The top enforcement official at the Securities and Exchange Commission said yesterday that he would resign after four tumultuous years investigating fraud at the nation's biggest companies and Wall Street investment banks.
Stephen M. Cutler, 43, said he would leave the agency in mid-May to return to the private sector. For ethical reasons, Cutler said, he has not yet entertained job offers from law firms or companies, many of which are likely to compete for his expertise, recruiters said.
Stephen M. Cutler will leave after four years at the SEC .
Cutler took over as enforcement chief at the SEC in October 2001, two months before Houston energy trader Enron Corp. collapsed in the first of a series of accounting scandals that badly damaged investor confidence.
Cutler's enforcement unit grew from 900 to 1,200 employees and filed civil fraud charges against the former leaders of Enron, WorldCom Inc., and Tyco International Ltd. The enforcement unit took particular interest in holding accountable bankers, lawyers and accountants who helped others commit fraud.
"My hope is that everything we've done in one way, shape or form has helped establish or reestablish a culture of compliance, not only on Wall Street but on Main Street as well," Cutler said in a telephone interview. "The last four years have been an incredible time in the capital markets. It's mind-boggling."
Former SEC officials and historians said Cutler's aggressive and evenhanded response to the crisis marked him as one of the two most effective watchdogs to have led the agency's enforcement unit since the Great Depression.
"It was a confluence of someone with his intelligence and integrity coming at the critical time we're now facing in the corporate community," said Stanley Sporkin, a former federal judge who was the SEC enforcement chief in the 1970s. He is considered to be the other particularly effective watchdog.
SEC Chairman William H. Donaldson said of Cutler yesterday: "He is what every prosecutor should be: tough but fair."
But Cutler's approach incited fiery rhetoric in the corporate community and sometimes within the SEC itself. The U.S. Chamber of Commerce repeatedly has criticized the agency for overreaching in enforcement cases. Two of the SEC's Republican commissioners, Paul S. Atkins and Cynthia A. Glassman, declared their aversion to imposing big fines on corporations accused of wrongdoing, lest shareholders ultimately pay the price.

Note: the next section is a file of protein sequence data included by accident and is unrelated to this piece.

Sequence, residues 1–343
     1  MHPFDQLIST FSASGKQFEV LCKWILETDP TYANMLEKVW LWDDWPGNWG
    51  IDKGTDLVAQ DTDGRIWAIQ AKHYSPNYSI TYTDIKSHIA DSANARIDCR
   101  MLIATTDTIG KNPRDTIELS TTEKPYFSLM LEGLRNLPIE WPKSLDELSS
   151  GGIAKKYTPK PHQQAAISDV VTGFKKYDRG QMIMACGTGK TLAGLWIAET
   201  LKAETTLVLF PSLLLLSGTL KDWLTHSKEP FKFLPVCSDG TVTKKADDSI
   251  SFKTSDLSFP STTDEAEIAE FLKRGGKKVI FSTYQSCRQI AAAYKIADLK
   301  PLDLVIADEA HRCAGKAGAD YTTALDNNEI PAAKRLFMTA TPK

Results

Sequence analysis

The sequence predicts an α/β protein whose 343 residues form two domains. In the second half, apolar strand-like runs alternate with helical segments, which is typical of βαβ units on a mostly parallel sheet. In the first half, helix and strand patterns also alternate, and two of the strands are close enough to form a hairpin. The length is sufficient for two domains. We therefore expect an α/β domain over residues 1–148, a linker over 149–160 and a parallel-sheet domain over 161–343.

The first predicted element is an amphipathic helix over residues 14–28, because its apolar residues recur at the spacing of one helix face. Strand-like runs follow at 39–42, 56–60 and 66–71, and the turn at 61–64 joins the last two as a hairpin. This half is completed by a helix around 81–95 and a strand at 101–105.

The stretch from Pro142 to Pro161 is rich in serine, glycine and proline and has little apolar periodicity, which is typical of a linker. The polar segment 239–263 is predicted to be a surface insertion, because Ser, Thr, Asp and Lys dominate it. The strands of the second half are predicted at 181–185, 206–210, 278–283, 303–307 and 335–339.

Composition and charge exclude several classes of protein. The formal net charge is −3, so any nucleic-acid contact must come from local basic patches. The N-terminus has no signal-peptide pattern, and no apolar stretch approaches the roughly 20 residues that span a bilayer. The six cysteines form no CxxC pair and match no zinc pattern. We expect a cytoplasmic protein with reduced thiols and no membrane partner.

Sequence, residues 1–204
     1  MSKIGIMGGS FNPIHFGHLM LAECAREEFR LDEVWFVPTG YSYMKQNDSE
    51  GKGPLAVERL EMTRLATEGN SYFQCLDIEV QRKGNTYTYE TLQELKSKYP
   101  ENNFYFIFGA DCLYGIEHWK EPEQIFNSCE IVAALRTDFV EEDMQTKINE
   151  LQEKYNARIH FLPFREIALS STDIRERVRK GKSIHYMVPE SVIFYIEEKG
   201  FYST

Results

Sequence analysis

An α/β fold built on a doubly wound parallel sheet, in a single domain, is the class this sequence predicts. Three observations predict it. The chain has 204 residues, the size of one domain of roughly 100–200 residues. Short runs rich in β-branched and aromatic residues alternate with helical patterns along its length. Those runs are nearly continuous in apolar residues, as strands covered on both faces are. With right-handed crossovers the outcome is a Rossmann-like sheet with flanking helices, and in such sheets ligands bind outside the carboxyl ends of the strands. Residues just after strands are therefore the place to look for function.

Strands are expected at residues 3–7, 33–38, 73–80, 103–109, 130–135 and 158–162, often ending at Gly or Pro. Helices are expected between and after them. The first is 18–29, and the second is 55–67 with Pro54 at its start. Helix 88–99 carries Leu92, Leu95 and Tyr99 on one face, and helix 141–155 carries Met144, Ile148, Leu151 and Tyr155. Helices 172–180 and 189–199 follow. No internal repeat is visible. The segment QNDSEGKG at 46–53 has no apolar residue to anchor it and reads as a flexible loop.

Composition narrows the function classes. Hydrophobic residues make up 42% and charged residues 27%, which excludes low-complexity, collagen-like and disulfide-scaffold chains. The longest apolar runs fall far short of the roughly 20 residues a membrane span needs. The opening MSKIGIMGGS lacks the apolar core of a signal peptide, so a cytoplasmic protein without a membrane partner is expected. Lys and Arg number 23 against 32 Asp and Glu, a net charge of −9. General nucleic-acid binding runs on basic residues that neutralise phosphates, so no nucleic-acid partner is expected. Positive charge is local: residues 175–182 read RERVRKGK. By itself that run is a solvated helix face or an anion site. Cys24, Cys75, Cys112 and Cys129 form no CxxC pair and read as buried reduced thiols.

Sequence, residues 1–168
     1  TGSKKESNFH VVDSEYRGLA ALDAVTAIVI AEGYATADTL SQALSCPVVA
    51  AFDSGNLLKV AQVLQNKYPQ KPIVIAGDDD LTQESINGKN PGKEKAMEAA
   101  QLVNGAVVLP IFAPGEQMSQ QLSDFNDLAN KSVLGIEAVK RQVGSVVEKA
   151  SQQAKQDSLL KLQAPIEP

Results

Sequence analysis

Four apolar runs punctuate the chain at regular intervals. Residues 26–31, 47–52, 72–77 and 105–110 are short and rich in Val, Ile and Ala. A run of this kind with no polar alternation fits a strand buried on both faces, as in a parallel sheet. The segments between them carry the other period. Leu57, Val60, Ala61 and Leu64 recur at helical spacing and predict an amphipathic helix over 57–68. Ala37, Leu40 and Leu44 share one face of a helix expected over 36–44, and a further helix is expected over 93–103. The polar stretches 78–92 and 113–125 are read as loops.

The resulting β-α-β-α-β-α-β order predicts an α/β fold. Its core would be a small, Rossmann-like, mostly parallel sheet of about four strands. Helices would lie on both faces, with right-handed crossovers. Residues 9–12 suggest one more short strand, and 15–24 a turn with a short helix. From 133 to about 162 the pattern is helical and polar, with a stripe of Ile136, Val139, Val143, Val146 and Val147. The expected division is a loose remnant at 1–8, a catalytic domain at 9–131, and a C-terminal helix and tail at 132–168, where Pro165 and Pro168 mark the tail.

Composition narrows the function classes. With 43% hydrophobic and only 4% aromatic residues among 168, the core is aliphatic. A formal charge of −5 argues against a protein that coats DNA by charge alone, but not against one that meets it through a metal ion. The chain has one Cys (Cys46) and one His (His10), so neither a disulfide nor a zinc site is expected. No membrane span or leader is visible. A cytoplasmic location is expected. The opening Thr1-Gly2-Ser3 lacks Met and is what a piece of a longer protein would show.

So far, Donaldson has generally backed Cutler and voted with two Democratic commissioners to approve large penalties. Of the dozen biggest monetary penalties ever imposed by the SEC, 10 came on Cutler's watch.
The SEC also was criticized by New York Attorney General Eliot L. Spitzer for being slow to crack down on tainted research reports filed by Wall Street analysts and trading abuses in the mutual fund industry. Spitzer said yesterday that Cutler had become a "friend and ally," and he praised Cutler for making the agency more proactive.
Cutler, a former partner at the Washington law firm now called Wilmer Cutler Pickering Hale and Dorr LLP, said he looks forward to spending more time with his wife and two sons, ages 3 and 8.
The SEC has not selected a replacement for Cutler, and an agency spokesman said there is no schedule for a decision.
Cutler's longtime deputy, Linda Chatman Thomsen, commands widespread respect within the SEC and could be a leading candidate, according to several agency staffers who spoke on the condition of anonymity because the process is in its early stages. Thomsen oversees the SEC's long-running Enron investigation.
Joel Seligman, dean of the Washington University School of Law and author of a history of the SEC, said that promoting Thomsen would send an important signal about "continuity" -- namely, that agency leaders will not bend to industry pressure to pull back on enforcement efforts.
"I think there are ample reasons to be concerned about rollback at the SEC," Seligman said.